Decompose the elements of x into mantissa and twos exponent.
Returns (mantissa
, exponent
), where x = mantissa * 2**exponent`
. The mantissa is lies in the open interval(1, 1), while the twos exponent is a signed integer.
Parameters: 

x : array_like 
Array of numbers to be decomposed. 
out1 : ndarray, optional 
Output array for the mantissa. Must have the same shape as x . 
out2 : ndarray, optional 
Output array for the exponent. Must have the same shape as x . 
out : ndarray, None, or tuple of ndarray and None, optional 
A location into which the result is stored. If provided, it must have a shape that the inputs broadcast to. If not provided or None , a freshlyallocated array is returned. A tuple (possible only as a keyword argument) must have length equal to the number of outputs. 
where : array_like, optional 
This condition is broadcast over the input. At locations where the condition is True, the out array will be set to the ufunc result. Elsewhere, the out array will retain its original value. Note that if an uninitialized out array is created via the default out=None , locations within it where the condition is False will remain uninitialized.  **kwargs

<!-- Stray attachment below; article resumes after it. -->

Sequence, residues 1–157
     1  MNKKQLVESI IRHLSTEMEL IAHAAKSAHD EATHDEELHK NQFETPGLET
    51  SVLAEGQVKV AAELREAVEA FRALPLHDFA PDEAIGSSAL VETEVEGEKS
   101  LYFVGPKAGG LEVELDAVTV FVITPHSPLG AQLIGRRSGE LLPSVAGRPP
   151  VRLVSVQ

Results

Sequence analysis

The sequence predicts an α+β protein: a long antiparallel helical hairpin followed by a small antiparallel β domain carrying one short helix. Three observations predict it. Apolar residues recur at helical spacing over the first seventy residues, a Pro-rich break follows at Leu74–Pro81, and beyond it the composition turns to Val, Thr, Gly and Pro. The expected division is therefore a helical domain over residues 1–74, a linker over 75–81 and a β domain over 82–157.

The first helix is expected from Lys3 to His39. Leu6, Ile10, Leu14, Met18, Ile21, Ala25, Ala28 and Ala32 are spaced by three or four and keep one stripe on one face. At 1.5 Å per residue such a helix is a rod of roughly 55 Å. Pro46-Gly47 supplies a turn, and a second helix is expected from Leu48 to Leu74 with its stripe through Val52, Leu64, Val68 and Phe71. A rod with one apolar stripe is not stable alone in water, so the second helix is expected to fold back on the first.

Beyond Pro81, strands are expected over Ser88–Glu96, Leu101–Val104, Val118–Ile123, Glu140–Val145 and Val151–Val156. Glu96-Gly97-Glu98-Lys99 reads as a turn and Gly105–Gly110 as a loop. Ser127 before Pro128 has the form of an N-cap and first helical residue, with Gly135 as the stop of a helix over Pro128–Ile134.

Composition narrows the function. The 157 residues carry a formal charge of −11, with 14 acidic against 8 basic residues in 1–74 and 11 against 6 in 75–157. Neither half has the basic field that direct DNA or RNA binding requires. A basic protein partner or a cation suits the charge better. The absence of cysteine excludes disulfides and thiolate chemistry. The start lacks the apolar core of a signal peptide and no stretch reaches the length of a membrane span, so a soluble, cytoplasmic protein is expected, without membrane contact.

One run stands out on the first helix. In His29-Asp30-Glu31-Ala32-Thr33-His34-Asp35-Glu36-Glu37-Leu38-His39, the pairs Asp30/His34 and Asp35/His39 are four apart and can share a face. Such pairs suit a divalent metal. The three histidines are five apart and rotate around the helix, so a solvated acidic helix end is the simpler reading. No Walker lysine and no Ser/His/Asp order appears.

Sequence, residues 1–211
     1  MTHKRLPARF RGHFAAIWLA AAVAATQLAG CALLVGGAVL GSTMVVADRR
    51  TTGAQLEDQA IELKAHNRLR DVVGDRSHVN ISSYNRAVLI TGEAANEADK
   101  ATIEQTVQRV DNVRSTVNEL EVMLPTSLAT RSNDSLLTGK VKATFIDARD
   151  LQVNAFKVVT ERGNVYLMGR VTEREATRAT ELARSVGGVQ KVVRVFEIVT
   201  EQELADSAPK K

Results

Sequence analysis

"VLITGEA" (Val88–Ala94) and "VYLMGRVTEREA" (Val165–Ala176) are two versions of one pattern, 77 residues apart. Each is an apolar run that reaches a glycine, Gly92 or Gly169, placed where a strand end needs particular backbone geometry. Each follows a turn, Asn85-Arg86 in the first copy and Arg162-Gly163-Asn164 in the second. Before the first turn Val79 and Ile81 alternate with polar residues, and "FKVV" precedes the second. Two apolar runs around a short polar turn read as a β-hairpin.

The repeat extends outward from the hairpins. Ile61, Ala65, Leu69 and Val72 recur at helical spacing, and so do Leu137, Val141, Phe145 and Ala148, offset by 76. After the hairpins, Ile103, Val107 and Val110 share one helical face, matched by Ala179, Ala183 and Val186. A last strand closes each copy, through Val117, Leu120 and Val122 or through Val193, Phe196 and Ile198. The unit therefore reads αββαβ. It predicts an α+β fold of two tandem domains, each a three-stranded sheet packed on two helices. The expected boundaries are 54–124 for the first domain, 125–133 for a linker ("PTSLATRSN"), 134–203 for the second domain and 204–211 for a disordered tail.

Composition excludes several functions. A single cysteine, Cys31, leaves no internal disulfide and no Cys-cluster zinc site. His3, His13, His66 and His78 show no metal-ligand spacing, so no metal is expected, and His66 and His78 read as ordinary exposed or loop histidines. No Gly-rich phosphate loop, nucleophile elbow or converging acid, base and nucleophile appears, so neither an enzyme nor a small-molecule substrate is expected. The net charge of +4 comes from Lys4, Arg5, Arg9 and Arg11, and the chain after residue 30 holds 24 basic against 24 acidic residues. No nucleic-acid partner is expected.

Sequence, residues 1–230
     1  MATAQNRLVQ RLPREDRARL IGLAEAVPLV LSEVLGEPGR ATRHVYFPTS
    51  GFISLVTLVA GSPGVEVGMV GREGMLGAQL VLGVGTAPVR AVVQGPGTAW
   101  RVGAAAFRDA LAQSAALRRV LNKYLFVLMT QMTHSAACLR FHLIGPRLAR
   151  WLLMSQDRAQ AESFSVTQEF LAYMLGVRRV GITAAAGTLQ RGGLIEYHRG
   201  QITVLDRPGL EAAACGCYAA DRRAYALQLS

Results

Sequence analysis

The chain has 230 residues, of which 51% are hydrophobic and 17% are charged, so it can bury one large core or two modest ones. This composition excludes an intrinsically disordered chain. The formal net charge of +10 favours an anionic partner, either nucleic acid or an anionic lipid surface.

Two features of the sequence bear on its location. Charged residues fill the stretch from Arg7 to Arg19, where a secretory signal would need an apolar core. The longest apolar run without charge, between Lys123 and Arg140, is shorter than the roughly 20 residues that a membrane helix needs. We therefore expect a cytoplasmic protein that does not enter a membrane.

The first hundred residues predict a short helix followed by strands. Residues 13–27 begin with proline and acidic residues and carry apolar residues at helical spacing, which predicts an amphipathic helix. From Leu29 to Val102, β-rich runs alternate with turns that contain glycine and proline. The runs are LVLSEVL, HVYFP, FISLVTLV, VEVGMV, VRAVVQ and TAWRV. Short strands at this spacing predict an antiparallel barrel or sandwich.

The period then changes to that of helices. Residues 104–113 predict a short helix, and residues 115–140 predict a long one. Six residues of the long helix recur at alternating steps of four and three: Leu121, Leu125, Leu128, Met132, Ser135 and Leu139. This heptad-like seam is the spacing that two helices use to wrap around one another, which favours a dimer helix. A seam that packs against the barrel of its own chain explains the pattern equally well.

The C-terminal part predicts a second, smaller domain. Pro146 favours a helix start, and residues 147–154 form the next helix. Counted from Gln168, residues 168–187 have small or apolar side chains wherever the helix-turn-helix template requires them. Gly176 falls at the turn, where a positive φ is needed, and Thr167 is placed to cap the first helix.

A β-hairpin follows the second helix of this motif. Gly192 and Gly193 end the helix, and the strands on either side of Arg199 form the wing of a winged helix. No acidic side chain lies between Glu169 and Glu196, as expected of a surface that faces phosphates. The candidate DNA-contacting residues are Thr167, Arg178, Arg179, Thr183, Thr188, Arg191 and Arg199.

For other keywordonly arguments, see the ufunc docs. 
Returns: 

mantissa : ndarray 
Floating values between 1 and 1. This is a scalar if x is a scalar. 
exponent : ndarray 
Integer exponents of 2. This is a scalar if x is a scalar. 
See also

ldexp
 Compute
y = x1 * 2**x2
, the inverse of frexp
.
Notes
Complex dtypes are not supported, they will raise a TypeError.
Examples
>>> x = np.arange(9)
>>> y1, y2 = np.frexp(x)
>>> y1
array([ 0. , 0.5 , 0.5 , 0.75 , 0.5 , 0.625, 0.75 , 0.875,
0.5 ])
>>> y2
array([0, 1, 2, 2, 3, 3, 3, 3, 4])
>>> y1 * 2**y2
array([ 0., 1., 2., 3., 4., 5., 6., 7., 8.])